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Scientists discover key molecule in transmission of AIDS virus

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www.ProHealth.com • August 8, 2000


Scientists have discovered a key molecule that the AIDS virus uses to hijack a special type of cell in the body's outermost tissues, providing vital information into how the virus is first transmitted in the body. The molecule transports the virus to immune system tissues, and actually facilitates infection.

The findings, by scientists at New York University School of Medicine and University Hospital Nijemgen in the Netherlands, provide a new explanation as to how the virus gets into the body and makes its way to tissues where immune system cells reside. The AIDS virus then infects immune cells and eventually overwhelms the body's ability to fight infection.

This research shines a spotlight on the first encounter between HIV and cells in the body. It offers fresh avenues of research for developing innovative treatments for AIDS, and may lead to vaccines that could prevent the virus from gaining access to the body's immune cells. It is far too early, however, to determine whether the current finding will lead to new treatments.

In a study published in the March 3 issue of the journal Cell, researchers report that when HIV is deposited in the mucosal tissue lining the rectum and vagina, the first sites exposed to sexually transmitted infection, it binds specifically to a specialized type of cell, called a dendritic cell, by way of a molecule on the surface of this cell. The virus, which is now bound to this molecule, is then ferried to areas of the body rich in T-lymphocytes, the cells that are ultimately infected by the bound HIV. The molecule has been named DC-SIGN.

The research teams were led by Dan R. Littman, M.D., Ph.D., Helen L. and Martin S. Kimmel Professor of Molecular Immunology and Professor of Pathology at NYU School of Medicine, and a Howard Hughes Medical Institute Investigator, and by Dr. Yvette van Kooyk at University Hospital Nijmegen in the Netherlands.

Scientists had previously suspected that the AIDS virus interacted with dendritic cells. The current findings show how the interaction occurs. A protein (gp120) on the surface of HIV latches onto DC-SIGN, a receptor on the surface of dendritic cells. Receptors are like locks; only certain keys will fit into them. In the case of DC-SIGN, however, the key doesn't open the lock. Instead, once the virus is bound to DC-SIGN, it is transported to lymph nodes, where the dendritic-cell complex presents the virus to immune cells, particularly T-lymphocytes. T-cells have a different receptor system to which the virus binds, and this system allows the virus to infect T-cells.

"We feel these findings are very exciting and are likely to provide us with vital information into how the virus is first transmitted and amplified in the body," says Dr. Littman. "We have identified the key molecule that HIV uses to hijack dendritic cells. The virus subverts the normal function of these cells, which is to protect the body from infection."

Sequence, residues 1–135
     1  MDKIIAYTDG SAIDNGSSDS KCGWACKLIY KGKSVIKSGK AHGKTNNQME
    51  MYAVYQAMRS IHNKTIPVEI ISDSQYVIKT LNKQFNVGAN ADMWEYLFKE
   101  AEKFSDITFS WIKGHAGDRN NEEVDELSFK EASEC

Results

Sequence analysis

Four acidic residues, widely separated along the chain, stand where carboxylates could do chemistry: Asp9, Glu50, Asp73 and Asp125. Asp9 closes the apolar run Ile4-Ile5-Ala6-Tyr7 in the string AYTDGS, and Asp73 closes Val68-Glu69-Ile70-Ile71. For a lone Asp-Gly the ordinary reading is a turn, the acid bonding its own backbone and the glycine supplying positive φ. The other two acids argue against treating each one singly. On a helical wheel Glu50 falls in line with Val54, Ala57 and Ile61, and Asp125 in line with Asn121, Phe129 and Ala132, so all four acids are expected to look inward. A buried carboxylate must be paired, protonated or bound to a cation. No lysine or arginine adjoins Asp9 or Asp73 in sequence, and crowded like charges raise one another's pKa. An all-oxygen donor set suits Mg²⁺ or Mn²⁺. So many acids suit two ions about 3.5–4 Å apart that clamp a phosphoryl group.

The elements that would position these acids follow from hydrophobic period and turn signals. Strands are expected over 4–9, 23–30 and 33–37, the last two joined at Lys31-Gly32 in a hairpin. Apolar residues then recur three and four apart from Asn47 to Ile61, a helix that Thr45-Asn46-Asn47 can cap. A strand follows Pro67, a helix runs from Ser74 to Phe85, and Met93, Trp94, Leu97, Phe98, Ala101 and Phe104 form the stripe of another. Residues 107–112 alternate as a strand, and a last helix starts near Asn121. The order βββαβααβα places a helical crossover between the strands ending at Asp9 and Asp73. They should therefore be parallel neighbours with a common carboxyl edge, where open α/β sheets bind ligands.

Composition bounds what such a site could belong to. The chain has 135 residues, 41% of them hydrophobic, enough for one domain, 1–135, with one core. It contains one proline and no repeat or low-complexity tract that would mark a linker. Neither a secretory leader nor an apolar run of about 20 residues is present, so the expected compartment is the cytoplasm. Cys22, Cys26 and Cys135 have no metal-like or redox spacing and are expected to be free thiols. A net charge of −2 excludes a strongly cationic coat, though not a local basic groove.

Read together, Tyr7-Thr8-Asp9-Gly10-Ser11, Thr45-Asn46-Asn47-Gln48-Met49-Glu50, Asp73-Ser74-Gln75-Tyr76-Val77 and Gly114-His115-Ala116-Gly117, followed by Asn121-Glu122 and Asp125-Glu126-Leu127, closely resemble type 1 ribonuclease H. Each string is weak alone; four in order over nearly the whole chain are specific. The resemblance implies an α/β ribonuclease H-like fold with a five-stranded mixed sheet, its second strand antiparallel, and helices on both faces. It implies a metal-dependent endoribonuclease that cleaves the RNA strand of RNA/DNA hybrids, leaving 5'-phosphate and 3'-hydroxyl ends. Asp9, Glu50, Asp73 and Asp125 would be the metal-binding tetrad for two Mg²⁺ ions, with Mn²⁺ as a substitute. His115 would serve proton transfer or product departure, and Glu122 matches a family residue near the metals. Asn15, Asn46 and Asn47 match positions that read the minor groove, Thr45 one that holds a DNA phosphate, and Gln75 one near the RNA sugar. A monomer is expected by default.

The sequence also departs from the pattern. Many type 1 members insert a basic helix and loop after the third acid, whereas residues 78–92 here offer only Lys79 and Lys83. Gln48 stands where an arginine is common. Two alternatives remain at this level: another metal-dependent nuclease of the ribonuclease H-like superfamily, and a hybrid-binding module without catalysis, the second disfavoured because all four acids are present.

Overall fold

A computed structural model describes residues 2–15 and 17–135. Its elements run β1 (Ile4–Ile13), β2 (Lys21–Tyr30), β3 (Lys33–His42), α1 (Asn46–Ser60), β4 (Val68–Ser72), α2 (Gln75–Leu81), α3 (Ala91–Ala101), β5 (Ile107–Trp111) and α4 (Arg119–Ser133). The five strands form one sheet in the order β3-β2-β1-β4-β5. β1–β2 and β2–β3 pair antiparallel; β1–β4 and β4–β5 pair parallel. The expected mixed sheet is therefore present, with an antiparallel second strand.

In the current study, the scientists report that the dendritic cells bearing the cell-surface receptor DC-SIGN are especially abundant at mucosal sites in the rectum, uterus, and cervix, and they show that the AIDS virus is remarkably durable when bound to the receptor. HIV is a rather brittle virus, but once bound to the receptor, it becomes far more long lived. The scientists speculate that DC-SIGN protects the virus from decay.

In the study, the scientists also generated antibodies in the laboratory that were directed against DC-SIGN. The antibodies blocked the cells' ability to bind to HIV, potentially providing an avenue to develop therapies or a vaccine that could thwart HIV infection in the body.

Dendritic cells are a subset of immune cells that present foreign proteins or antigens to another group of cells called T-lymphocytes, the foot soldiers of the body's immune system and the ones targeted by HIV. Once the antigen is presented, T-cells go into action, marshalling recruits to battle a foreign foe with special messenger molecules called cytokines and chemokines.

Previously, Dr. Littman and colleagues discovered that HIV must bind to chemokine receptors on the surface of T-cells in order to enter the cell. Now, with the new discovery, he and his colleagues have found an even earlier event in HIV's battle plan.

"Our data suggest that after HIV has been ferried by dendritic cells to the lymph nodes, the bound virus particle is presented to the chemokine-receptor complex on T-cells, greatly enhancing the entry of viral particles into these cells," says Dr. Littman.

The current studies were performed with cultured cells in the laboratory, and scientists now need to validate their findings in people infected with HIV. Dr. Littman says he would like to learn whether there are variations in DC-SIGN that make dendritic cells resistant to the AIDS virus. People who have these variations would potentially be naturally resistant to HIV infection, despite being exposed many times to the virus.

This information potentially could be used to design vaccines that will elicit antibody responses that block the interaction of HIV with dendritic cells and to develop new therapies that will interfere with the amplification of the HIV replication process by dendritic cells, says Dr. Littman.



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